In one aspect, the disclosure provides methods of administering SAP to the respiratory system of a patient. The term "respiratory system" refers to the anatomical features of a mammal that facilitate gas exchange between the external environment and the blood. The respiratory system can be subdivided into an upper respiratory tract and a lower respiratory tract. The upper respiratory tract includes the nasal passages, pharynx and the larynx, while the trachea, the primary bronchi and lungs are parts of the lower respiratory tract. In some embodiments, methods are provided for the treatment of conditions localized to the respiratory tract, such as the lungs or the nasal cavity.
 In one aspect, the disclosure provides methods for treating an SAP-responsive disorder in a patient by administering a therapeutically effective amount of SAP to the respiratory system of a patient in need thereof. In some embodiments, the SAP-responsive disorder is fibrosis. In some embodiments, the SAP-responsive disorder is respiratory fibrosis, i.e., fibrosis of the respiratory tract. The use of SAP as a therapeutic treatment for fibrosis is described in U.S. Patent Application No. 20070243163, which is hereby incorporated by reference.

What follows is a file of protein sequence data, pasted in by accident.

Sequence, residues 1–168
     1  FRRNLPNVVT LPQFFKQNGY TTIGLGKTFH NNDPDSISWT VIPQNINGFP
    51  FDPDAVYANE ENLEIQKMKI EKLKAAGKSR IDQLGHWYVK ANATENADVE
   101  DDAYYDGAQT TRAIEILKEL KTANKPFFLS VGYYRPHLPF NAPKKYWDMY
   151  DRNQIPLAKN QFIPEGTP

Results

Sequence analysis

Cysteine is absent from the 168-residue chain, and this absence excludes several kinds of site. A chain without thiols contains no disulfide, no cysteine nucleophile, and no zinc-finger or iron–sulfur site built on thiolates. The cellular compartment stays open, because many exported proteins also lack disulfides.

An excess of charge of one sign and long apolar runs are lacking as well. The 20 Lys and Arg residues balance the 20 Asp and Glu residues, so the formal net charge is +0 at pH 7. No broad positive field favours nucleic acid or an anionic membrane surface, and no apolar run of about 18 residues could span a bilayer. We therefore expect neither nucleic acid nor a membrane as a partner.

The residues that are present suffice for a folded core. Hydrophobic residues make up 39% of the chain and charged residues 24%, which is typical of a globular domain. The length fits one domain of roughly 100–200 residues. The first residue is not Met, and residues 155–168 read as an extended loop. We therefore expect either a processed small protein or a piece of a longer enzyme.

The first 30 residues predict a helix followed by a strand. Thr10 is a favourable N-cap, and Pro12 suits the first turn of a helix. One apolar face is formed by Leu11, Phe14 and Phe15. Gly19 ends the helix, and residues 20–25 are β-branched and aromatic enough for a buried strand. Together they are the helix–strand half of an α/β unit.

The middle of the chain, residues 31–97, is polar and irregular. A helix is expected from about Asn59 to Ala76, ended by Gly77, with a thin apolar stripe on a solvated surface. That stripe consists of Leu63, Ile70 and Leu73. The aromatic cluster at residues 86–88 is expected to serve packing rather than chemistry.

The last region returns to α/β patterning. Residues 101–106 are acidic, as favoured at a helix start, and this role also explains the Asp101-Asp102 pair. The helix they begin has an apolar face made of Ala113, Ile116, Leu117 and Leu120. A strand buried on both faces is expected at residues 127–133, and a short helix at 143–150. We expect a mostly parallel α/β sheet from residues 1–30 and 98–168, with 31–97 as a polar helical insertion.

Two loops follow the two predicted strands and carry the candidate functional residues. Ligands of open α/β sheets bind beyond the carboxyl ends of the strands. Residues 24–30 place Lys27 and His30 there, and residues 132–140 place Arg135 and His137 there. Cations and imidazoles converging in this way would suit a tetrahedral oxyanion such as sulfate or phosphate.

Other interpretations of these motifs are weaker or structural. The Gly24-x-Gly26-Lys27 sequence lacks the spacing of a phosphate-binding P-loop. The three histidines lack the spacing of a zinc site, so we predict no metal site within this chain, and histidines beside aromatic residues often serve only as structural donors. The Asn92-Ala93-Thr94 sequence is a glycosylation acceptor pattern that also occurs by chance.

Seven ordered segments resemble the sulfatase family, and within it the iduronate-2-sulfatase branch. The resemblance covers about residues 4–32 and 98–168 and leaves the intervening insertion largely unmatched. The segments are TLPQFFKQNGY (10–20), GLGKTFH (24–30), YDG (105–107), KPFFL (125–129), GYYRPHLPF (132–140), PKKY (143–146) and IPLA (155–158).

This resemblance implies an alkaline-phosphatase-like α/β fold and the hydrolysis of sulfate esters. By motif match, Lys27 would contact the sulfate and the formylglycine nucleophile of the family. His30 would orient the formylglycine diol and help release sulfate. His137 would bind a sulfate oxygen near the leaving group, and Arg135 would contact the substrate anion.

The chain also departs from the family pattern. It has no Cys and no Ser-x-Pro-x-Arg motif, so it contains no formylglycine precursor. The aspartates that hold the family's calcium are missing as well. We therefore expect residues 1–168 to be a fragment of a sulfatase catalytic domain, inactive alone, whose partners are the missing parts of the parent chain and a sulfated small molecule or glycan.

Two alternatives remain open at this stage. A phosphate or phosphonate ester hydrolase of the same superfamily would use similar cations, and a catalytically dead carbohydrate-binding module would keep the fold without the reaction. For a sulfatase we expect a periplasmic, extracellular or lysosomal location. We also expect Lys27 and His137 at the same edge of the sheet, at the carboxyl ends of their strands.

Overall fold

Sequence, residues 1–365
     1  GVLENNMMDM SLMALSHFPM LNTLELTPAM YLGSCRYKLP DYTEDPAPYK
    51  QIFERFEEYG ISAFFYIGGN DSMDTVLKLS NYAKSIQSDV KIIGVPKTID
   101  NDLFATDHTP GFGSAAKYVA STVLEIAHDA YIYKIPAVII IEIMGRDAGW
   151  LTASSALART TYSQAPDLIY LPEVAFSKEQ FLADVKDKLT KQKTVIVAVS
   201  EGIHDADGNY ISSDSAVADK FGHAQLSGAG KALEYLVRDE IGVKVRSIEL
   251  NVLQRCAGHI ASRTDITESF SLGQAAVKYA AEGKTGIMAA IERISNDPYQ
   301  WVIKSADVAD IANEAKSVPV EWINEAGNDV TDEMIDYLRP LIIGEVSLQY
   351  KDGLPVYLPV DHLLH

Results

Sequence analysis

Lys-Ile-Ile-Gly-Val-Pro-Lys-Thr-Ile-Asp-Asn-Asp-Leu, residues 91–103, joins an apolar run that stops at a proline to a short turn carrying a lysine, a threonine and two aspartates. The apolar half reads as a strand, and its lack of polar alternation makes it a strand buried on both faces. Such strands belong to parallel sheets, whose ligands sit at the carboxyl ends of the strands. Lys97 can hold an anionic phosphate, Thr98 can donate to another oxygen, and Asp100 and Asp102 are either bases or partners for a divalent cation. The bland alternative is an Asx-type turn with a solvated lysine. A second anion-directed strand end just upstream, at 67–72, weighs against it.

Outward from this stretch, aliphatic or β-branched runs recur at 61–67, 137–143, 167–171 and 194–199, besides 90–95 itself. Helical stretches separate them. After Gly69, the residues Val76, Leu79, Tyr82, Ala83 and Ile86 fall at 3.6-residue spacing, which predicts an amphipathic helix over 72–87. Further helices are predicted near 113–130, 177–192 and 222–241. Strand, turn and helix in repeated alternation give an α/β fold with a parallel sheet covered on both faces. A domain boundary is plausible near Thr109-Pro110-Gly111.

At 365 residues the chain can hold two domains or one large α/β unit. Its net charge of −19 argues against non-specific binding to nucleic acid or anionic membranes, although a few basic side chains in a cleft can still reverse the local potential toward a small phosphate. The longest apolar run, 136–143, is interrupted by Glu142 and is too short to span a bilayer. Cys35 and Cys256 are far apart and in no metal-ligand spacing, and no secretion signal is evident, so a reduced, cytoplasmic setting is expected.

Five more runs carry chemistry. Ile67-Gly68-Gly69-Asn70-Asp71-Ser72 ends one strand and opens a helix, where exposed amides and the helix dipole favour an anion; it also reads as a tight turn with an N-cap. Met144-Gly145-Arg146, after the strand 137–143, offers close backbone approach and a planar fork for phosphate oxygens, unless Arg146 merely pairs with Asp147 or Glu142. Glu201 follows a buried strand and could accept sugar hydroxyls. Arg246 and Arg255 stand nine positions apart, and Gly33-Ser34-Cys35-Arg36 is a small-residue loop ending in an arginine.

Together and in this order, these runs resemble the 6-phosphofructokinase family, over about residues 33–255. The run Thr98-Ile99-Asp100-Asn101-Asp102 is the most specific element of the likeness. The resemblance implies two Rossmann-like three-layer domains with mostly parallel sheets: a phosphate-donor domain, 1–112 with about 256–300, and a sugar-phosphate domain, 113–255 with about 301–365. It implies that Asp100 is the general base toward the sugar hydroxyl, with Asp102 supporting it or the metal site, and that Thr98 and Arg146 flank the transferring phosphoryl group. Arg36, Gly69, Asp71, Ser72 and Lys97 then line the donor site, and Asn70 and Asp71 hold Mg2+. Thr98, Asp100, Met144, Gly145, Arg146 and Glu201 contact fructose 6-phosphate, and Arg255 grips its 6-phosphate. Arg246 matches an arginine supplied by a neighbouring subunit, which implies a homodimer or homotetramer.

Fibrosis related disorders that may be amenable to treatment with aerosolized SAP include, but are not limited to, interstitial lung disease, cystic fibrosis, obliterative bronchiolitis, idiopathic pulmonary fibrosis, pulmonary fibrosis from a known etiology, tumor stroma in lung disease, systemic sclerosis affecting the lungs, Hermansky-Pudlak syndrome, coal worker's pneumoconiosis, asbestosis, silicosis, chronic pulmonary hypertension, AIDS-associated pulmonary hypertension, sarcoidosis, chronic asthma, chronic inflammatory airway diseases such as COPD (chronic obstructive pulmonary disease) and emphysema, and acute inflammatory airway diseases such as ARDS (acute respiratory distress syndrome). In some embodiments, aerosolized SAP is administered to treat pulmonary fibrosis.